From 'Aftersun' to 'The Banshees of Inisherin': Top films of 2022

As the year comes to an end, we take a look at some of the best films 2022 has produced


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Published: Mon 26 Dec 2022, 12:12 PM

Last updated: Mon 26 Dec 2022, 12:25 PM

Associated Press Film Writer Lindsey Bahr has made her pick for the best films of the year. Martin McDonagh's friendship parable The Banshees of Inisherin leads Bahr's list. Other films that stood out to the critic include Todd Fields' Cate Blanchett-led Tár, Sarah Polley's ensemble drama Women Talking, and the Steven Soderbergh thriller Kimi. Noah Baumbach's White Noise also made it to Bahr's list.

1. The Banshees of Inisherin

Martin McDonagh’s film is a sharp, funny and utterly devastating work about the end of a friendship on a small Irish island. Colin Farrell uses his wonderful brows (and acting chops) to ensure ultimate heartbreak as his world and sense of self crumbles and rots. But it’s the ensemble, including Brendan Gleeson, Kerry Condon, Barry Keoghan and on down, who imbue this deceptively simple set-up with gravity and depth.

2. Tár

Todd Field’s brilliant, restless Tár reminded us how much we love movies (and tricked us into believing that we were some kind of scholar of classical music for a few hours). Cate Blanchett is transcendent in bringing this flawed genius to life, challenging the audience to consider big questions about power, status and art. It is demanding but immensely rewarding cinema that is not easily defined, which is perhaps why audiences aren’t taking a chance on it in theaters (which is a mistake).

3. Women Talking

Sarah Polley’s film hasn’t even been released to the general public and it’s already considered “divisive,” which is one of the best reasons to seek it out. Aren’t you curious which side you’ll be on? We were spellbound by her heady, spiritual vision of a group of abused women in an isolated religious colony questioning their reality and wondering if life could somehow be different than what they know.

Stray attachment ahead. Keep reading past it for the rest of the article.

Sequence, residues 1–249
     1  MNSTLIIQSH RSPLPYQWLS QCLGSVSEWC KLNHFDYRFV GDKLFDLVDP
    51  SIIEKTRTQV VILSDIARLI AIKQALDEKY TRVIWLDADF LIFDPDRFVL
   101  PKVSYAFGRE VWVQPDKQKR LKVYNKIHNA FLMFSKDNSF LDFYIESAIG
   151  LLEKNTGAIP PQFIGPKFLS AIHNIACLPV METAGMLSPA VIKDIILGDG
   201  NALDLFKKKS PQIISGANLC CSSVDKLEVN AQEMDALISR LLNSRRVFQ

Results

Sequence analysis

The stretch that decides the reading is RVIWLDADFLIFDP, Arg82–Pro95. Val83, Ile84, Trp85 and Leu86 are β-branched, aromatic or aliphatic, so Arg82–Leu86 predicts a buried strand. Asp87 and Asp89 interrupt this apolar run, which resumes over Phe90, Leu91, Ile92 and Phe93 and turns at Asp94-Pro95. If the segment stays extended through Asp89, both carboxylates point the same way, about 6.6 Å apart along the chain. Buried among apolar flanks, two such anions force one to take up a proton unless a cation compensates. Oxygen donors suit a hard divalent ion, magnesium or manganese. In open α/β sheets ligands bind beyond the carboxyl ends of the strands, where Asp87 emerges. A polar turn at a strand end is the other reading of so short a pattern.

4. Aftersun

In a year full of autobiographical films from very famous names, it was the one from the unknown that made the biggest impression. You don’t have to know anything about Charlotte Wells to get wrapped up in Aftersun, an inspired and fully realized memory piece about an ordinary vacation some 20 years prior that will leave you in pieces (which is somehow possible even when the Macarena is also stuck in your head).

5. Saint Omer

A young woman is on trial for the death of her 15-month-old daughter in this haunting French courtroom drama, a tremendous debut feature from documentarian Alice Diop, that upends your notions of what the genre can be in its examination of trauma, the immigrant experience and expectations of motherhood.

6. Mrs. Harris Goes to Paris

This is the kind of romantic confection that’s a bit of an outlier on a list like this, but that’s why it’s here. Anthony Fabian’s film about an English housecleaner and war widow (Lesley Manville) in the 1950s who saves up to travel to Paris to buy a couture Christian Dior gown is a balm -- heartwarming without being schlocky, reverential of high fashion artistry but critical of its exclusionary ways and just a supreme delight.

7. Kimi

Sorry Top Gun: Maverick, you were very entertaining too, but Steven Soderbergh’s Kimi was my favorite popcorn experience of the year — a taut, paranoid thriller with a modern, Alexa/Siri-inspired spin on the overheard crime scenario of Blow Up, with a sharp performance from Zoe Kravitz, who can even make an agoraphobic shut in extremely cool.

8. Murina

There is rot beneath the punishingly beautiful, sun-soaked Adriatic setting of Croatian filmmaker Antoneta Alamat Kusijanovic’s sublimely menacing debut feature about a 17-year-old girl who is starting to question the ingrained misogyny around her. The family dynamics are as rocky and dangerous as the picturesque backdrop.

9. Corsage

Beauty, waistlines, aging, celebrity, duty and desire haunt Empress Elisabeth of Austria in Marie Kreutzer’s intricate and interpretive portrait of dynamic mind and soul that’s been stifled by her position and myriad traumas. Vicky Krieps is perfect as the deliriously subversive Sissi.

10. White Noise

The supermarket dance to LCD Soundsystem’s New Body Rhumba might not come until the very end of Noah Baumbach’s Don DeLillo adaptation but there is a dazzling rhythm to the entire epic, from the controlled chaos of the overlapping dialogue to the hectic choreography of a family making breakfast. But maybe the most surprising thing is that behind all the wit, the style, the commentary on American society and the banal and the profound in the everyday, there is a real emotional weight too.

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